RNZA Cap Badge
The RNZA cap badge is based on that of the Royal Artillery (RA), with several important differences, notably the crown and the wording.
The crown on the RA badge is that which the current monarch elects to wear when he or she comes to the Throne. From 1901 to 1953, the Tudor Crown with raised arches was used, and from 1953 the St Edward's Crown. Whenever the Crown changes, the British Army issues new badges.
Since the Royal New Zealand Artillery is allied to the Royal Artillery, our mottoes are the same, but on the badge's lower scroll, 'Quo Fas et Gloria Ducunt' has been replaced by 'Royal NZ Artillery' to distinguish New Zealand Gunners from other Commonwealth Artillerymen.
The gun on the badge is meant to represent the bronze (often wrongly called brass) SBML 9-pr field gun of the type employed at Waterloo. It was fitted with a wooden carriage; the 'dots' on the trail which resemble rivets are evidently some diemaker's interpretation of shading on the design drawing.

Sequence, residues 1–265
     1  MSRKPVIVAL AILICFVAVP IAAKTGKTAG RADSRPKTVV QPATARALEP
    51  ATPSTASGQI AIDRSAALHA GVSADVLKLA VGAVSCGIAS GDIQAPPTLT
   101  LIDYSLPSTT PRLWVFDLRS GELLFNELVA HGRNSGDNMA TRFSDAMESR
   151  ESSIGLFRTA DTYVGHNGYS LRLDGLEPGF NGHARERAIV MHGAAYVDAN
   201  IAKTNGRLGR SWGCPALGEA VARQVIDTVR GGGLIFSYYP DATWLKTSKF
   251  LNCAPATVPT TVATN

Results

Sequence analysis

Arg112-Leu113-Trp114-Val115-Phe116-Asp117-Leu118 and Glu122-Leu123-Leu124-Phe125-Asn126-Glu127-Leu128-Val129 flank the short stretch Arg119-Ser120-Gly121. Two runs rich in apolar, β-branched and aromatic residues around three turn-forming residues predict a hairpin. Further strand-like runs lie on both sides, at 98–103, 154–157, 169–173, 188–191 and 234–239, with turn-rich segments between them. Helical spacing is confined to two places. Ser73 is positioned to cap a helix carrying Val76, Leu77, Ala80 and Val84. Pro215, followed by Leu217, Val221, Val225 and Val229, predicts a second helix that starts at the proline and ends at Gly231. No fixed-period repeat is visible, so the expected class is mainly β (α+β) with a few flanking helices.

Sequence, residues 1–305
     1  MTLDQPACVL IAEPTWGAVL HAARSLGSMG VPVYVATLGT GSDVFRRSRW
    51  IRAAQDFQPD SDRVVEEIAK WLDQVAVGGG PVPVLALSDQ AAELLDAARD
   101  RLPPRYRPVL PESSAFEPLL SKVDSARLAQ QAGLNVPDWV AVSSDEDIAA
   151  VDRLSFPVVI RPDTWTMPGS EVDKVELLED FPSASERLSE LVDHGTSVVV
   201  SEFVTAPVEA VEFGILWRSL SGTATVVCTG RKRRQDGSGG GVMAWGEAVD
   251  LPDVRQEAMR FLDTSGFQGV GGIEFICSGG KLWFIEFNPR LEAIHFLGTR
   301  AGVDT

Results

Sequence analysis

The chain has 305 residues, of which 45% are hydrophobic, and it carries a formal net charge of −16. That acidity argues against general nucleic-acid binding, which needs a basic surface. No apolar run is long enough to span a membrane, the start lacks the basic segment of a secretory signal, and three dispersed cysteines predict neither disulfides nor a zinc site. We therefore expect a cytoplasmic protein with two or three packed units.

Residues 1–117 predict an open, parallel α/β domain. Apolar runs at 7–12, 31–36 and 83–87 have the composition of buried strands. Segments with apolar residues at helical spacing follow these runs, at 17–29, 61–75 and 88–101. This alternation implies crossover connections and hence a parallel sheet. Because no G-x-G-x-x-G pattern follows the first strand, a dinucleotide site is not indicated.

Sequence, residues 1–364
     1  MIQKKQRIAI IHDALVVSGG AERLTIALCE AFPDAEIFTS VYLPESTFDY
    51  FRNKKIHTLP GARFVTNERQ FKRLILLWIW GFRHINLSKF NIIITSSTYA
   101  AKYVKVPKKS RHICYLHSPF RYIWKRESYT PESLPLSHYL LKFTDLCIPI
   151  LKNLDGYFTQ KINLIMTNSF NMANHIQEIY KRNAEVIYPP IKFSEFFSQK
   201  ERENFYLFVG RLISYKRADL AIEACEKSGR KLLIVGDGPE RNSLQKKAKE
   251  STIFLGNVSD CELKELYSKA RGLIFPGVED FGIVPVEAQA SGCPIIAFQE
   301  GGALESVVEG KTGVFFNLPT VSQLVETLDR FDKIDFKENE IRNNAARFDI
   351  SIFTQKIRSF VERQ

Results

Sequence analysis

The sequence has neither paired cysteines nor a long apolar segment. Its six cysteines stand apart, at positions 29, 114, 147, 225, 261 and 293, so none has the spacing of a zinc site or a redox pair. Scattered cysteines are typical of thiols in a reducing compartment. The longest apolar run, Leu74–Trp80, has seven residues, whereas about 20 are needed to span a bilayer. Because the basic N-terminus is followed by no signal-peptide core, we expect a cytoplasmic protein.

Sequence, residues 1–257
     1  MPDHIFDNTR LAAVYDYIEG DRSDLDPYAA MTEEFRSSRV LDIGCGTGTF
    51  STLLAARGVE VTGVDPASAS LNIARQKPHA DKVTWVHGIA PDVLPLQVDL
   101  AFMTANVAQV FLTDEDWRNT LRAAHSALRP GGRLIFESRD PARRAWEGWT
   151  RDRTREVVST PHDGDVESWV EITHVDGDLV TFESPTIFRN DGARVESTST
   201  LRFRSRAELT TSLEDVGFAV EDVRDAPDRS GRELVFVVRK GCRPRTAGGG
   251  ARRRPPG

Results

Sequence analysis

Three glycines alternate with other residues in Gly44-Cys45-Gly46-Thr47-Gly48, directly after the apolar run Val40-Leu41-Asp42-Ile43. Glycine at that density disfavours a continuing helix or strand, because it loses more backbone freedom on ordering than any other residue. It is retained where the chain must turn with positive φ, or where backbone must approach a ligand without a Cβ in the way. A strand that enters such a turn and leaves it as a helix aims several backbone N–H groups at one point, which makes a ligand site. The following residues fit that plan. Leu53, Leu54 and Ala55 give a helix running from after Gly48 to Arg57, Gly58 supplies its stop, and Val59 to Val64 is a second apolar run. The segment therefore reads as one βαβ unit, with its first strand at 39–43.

The gun on the badge should not be called a 'cannon', a term dating back to the days when pieces of ordnance were named after snakes, birds of prey, etc. A 'cannon' was a gun of about 8-in (203mm) calibre which disappeared from official inventories around the year 1700. Since then Gunners have defined their pieces according to their nature, ie guns, mortars or howitzers. Unfortunately, laymen who know no better have perpetuated the term which they often use in a derogatory manner.
Before 1832 the RA had frequently used the Royal Cipher or the Board of Ordnance Arms as part of the device on its buttons and badges. The new badge incorporating the Royal Arms, gun, and two mottoes was a large one designed to be worn on the helmet with the old full-dress uniform which became obsolete in New Zealand at the outbreak of World War 1. It was called a 'helmet plate' and is now a collector's piece. On the modern cap badge which dates from 1902 a crown replaces the Royal Arms.